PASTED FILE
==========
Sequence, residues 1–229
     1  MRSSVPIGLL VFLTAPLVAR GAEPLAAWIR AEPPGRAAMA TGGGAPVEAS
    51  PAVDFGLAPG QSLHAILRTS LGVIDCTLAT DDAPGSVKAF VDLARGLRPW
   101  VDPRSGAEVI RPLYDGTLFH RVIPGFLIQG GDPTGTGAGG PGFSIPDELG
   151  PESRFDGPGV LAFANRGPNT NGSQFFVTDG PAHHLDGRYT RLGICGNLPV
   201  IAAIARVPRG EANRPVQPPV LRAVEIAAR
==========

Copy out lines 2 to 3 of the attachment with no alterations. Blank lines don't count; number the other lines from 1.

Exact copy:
     1  MRSSVPIGLL VFLTAPLVAR GAEPLAAWIR AEPPGRAAMA TGGGAPVEAS
    51  PAVDFGLAPG QSLHAILRTS LGVIDCTLAT DDAPGSVKAF VDLARGLRPW